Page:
WHO intends to ensure community involvement in the various community health interventions by identifying and engaging with community leaders, especially during the planning stage of every intervention

ABUJA, Nigeria, March 13, 2023/ — As displaced residents and host communities in Yobe state, begin rebuilding their lives, the World Health Organization (WHO) supports the government to re-strategize and scale up its humanitarian health interventions. The objective is to ensure community inclusivity for all the people of the state.

Yobe is one of the three BAY states (Borno, Adamawa, and Yobe) in northeast Nigeria where WHO has been supporting the government to resolve health challenges, improve the quality of life, and enable affected people to return to normalcy and live safely with dignity. 

“The sensitization activities carried out by WHO-supported mobile teams in our communities have raised awareness about the importance of a healthy community. They support health education, provide routine immunization services and administer malaria drugs. Most especially, delivery to our children and intervention during outbreaks of diseases like cholera and measles.

We now understand that for a community to remain healthy, everyone needs to be involved. We are glad that WHO and the government are involving us in the planning, coordination, and implementation of health interventions in our communities,” says Mallam Mutti Layin Hassan Yusuf, a resident of Gwange Village. 

“Involving community leaders in the planning and implementation of health interventions will enable us to tailor the response to suit the needs of diverse communities,” says Dr Babagana Kundi Machina, Executive Secretary of Yobe State Primary Healthcare Board.

Dr Machina notes that the government and its partners including WHO, will implement activities to respond with targeted humanitarian aid that will strengthen the health system to provide crucial quality health services to the Internally Displaced Camps (IDPs), resettled and host communities. 

This is intended to be achieved through, regular community dialogues with heads of households and opinion leaders to guide health responses to fit the needs of the people and provide community ownership. This will enable managers to prioritize lifesaving interventions, enhance primary healthcare systems and propose solutions for their health needs.

“With the technical expertise of the WHO team, we are optimistic that the humanitarian response plan will be inclusive and leaves no one behind in accessing health care intervention,” he says. 

Currently, WHO leads international action to expand universal health coverage and coordinates health emergency responses globally.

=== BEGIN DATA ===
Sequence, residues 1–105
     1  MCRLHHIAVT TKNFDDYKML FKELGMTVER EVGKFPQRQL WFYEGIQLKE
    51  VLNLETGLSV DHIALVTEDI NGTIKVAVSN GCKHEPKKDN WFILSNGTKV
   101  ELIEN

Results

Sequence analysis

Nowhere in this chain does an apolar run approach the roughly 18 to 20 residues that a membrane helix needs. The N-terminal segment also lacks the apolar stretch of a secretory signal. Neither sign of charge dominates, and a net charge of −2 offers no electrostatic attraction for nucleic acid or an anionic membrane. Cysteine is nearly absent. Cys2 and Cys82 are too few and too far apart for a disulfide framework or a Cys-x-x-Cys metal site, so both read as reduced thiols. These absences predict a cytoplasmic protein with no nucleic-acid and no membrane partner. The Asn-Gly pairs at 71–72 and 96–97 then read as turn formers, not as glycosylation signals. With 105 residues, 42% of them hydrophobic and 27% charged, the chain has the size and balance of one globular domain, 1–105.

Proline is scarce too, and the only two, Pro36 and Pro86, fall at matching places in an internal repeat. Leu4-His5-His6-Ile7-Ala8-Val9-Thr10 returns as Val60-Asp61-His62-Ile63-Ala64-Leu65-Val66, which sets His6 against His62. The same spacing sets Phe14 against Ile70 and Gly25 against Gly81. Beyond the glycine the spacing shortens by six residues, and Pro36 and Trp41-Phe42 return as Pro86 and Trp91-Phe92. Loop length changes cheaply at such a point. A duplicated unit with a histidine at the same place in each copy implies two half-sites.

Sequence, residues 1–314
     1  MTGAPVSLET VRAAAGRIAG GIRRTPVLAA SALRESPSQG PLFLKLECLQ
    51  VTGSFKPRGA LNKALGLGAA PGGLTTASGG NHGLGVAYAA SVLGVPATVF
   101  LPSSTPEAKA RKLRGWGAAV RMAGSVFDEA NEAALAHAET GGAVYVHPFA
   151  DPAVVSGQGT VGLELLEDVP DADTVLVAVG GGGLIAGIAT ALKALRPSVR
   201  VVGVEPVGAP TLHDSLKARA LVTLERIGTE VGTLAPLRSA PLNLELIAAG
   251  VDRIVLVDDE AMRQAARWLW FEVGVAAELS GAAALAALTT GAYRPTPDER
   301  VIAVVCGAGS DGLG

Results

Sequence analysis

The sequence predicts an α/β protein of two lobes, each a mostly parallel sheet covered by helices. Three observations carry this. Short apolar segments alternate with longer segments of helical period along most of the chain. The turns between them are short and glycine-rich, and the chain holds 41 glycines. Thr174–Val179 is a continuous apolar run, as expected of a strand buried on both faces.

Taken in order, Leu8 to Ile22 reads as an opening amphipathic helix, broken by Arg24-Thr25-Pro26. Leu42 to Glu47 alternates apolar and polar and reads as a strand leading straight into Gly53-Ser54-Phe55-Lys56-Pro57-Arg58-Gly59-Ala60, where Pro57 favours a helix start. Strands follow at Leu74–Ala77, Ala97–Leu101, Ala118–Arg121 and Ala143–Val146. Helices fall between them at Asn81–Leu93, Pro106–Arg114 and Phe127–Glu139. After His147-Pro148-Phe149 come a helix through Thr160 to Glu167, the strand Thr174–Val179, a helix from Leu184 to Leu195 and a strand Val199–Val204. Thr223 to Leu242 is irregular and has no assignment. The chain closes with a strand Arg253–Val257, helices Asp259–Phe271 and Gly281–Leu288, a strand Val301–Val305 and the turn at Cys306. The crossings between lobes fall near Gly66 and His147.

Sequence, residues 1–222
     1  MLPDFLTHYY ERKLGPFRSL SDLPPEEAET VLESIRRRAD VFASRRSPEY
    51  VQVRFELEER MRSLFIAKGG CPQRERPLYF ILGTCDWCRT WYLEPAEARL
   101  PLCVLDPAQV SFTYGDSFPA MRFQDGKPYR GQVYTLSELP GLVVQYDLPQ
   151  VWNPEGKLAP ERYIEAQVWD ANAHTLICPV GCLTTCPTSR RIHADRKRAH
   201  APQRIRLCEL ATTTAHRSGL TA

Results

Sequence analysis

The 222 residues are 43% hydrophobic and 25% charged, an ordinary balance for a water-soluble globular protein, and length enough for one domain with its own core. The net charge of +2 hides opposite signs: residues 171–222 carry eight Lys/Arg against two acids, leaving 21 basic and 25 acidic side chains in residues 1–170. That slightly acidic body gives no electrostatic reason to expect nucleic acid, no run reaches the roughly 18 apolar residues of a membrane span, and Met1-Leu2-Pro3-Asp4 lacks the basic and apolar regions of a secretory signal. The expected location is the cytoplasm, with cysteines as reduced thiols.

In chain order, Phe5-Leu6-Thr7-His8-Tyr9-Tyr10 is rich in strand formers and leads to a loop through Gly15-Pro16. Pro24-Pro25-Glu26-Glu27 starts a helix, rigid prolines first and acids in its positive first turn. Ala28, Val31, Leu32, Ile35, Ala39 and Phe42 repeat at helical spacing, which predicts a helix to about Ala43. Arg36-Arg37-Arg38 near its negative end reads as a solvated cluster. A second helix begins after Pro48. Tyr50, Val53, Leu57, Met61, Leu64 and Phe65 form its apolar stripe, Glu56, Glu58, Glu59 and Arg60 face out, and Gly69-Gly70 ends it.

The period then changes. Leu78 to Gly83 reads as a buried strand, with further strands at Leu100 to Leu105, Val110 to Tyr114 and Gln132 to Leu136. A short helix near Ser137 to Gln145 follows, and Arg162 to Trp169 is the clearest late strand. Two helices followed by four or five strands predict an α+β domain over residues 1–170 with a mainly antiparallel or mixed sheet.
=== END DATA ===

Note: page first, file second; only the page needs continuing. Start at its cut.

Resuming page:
In 2022, WHO in Yobe state reached 764 200 persons with essential health services, including vaccinating thousands of children against childhood killer diseases, treatment for minor ailments, screening of malnutrition, provision of ANC (Ante-Natal Care) services to pregnant women, etc. 

For 2023, WHO is expanding and modifying its emergency interventions to meet the specific needs of wider targeted vulnerable populations. 

WHO targets to reach 4,285,848 persons (internally displaced persons, returnees, and host communities) with health assistance through funding from the European Civil Protection and Humanitarian Aid Operations, the United States Agency for International Development, the Contingency Fund for Emergencies, the governments of Germany, and the Netherlands. 

Services to be rendered include primary healthcare, mental health and psycho-social support, prevention of disease outbreaks, awareness creation, and prevention of gender-based violence.

To emphasize the need for community inclusivity, the WHO acting cluster lead, Emergency Preparedness Response, Dr Mie Okamura, says the WHO intends to ensure community involvement in the various community health interventions by identifying and engaging with community leaders, especially during the planning stage of every intervention including outbreak response, routine immunization, etc. 

“The planning stage will help in making effective and more informed decisions, which will strategically foster a community-centered approach in all WHO support to the state government”.

Dr Okamura adds that the WHO will work closely with Nigeria Government and its partners to ensure inclusivity in the health response to reduce vulnerabilities through efforts to build resilience and enhance self-reliance.